With the development of the Internet and the World Wide Web, came the quick manifestation of Big Data. We have the capacity to collect massive amounts of information that would take several hundred years for a human to manually process. The application of AI in data analytics and processing would greatly alter the way mankind uses information. Breakthroughs in computer science and other areas would occur as a result of being able automatically extract valuable information from billions of data points.
The state of AI in 2019 is rather remarkable. The technology is advancing faster than ever. It is being integrated into industries such as healthcare, manufacturing, autonomous vehicles, online shopping, just to name a few. Artificial intelligence is already making a lot of decisions for us whether we are able to recognise it or not. In our article on Deep Learning, we discussed how online shopping websites and platforms like Netflix use forms of artificial intelligence to improve their service and increase customer retention.
Several start-ups are leading the way in artificial intelligence research. One notable company is Boston Dynamics, who is a world leader in mobile robots. Their robots tackle some of the biggest challenges in AI. With a dedicated team of engineers and scientists who combine analytical thinking with bold engineering, they’re able to create some of the most advanced robots today.
Basics of Artificial Intelligence
Machine systems cannot explain their thinking in the way that humans do. This is the biggest challenge of artificial intelligence. They do not possess the same common sense that humans have. A good image recognition algorithm could identify any animal from a picture, but they would not be able to explain the difference between a cat or a dog unless it was pre-fed with the information. A computer only knows as much as the information that you feed it. But some machine learning algorithms are designed so that computers can formulate their own decisions and reasoning based on historic data and patterns.
Taking an example of an image recognition program designed to recognise dogs from pictures. The common approach would be to program explicit rules such as dogs have floppy ears, fur, big eyes, etc. If you then fed it and image of something that resembled a dog, like a hyena, what would the program do? The best approach of this would be to let the machine learn for itself for what is a dog and what isn’t by feeding it countless image of dogs. Over time it would search for patterns in these pictures and eventually the accuracy would improve substantially.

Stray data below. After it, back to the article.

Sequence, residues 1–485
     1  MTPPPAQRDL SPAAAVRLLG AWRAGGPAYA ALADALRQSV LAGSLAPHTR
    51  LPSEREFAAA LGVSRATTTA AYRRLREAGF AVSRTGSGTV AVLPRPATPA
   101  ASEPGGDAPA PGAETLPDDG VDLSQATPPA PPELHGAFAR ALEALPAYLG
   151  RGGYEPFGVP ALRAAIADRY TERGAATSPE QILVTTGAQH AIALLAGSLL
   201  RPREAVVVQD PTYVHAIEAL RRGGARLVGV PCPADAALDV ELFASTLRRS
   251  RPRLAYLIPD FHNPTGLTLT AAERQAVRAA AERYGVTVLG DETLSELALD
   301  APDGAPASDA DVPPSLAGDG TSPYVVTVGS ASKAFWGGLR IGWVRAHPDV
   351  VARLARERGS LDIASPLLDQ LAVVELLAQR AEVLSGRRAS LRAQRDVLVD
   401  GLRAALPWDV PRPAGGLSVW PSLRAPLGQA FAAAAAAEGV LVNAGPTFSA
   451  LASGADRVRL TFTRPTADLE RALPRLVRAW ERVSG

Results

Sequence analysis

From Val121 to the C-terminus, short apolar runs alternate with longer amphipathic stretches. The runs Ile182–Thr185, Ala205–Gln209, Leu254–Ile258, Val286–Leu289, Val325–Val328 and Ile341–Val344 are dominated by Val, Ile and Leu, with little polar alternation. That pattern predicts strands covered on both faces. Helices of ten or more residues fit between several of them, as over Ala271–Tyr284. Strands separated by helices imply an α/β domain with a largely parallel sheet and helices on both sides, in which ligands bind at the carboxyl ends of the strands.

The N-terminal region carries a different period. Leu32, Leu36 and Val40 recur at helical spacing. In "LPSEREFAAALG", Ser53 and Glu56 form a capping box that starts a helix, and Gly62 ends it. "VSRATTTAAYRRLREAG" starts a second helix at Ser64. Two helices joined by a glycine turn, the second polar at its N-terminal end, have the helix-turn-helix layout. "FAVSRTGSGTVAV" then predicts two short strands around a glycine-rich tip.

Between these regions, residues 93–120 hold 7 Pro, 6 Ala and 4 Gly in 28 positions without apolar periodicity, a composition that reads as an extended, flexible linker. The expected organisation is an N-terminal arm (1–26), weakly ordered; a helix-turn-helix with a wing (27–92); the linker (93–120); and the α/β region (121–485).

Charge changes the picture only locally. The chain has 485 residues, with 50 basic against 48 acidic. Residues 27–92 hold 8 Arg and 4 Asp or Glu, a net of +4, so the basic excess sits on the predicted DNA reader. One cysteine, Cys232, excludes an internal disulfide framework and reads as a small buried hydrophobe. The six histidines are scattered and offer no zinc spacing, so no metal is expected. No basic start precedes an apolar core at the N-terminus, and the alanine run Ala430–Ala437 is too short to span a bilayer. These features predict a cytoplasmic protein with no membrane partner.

Figure 2: Elements of artificial intelligence
Artificial intelligence generally falls under two main categories:
- Narrow AI: Sometimes referred to as “Weak AI,” this kind of artificial intelligence operates within a limited context and is a simulation of human intelligence. Narrow artificial intelligence is often focused on performing specific and singular tasks extremely well. While these machines may seem to possess intelligence they are functioning under far more limitation than even the most basic human intelligence.
A few examples of Narrow AI include:
– Google search
– Image recognition
– Personal digital assistants (Siri, Alexa)
– Autonomous vehicles
– Google’s DeepMind
- Artificial General Intelligence (AGI): AGI, sometimes referred to as “Strong AI,” is the kind of artificial intelligence we see in science fiction, like the robots from Star Wars or super computers in Terminator. AGI is a machine with general intelligence and, much like a human, it can apply intelligence to solve any problem.
Teaching machines to learn for themselves is a favourable outcome of artificial intelligence research as it would save countless hours of programming, testing, and writing.
It should be remembered that artificial intelligence is a holistic scientific field that branches into more specific fields such as machine learning, deep learning and neural networks. All three of these AI concepts can enable machines to “think” and act dynamically, outside the limitations of code. Understanding these basics can lead to more advanced AI topics, including artificial general intelligence, super-intelligence, as well as ethics in AI.
If you are interested in learning more about these concepts, check out our other topics in machine learning and artificial intelligence in the Cybiant Knowledge Centre.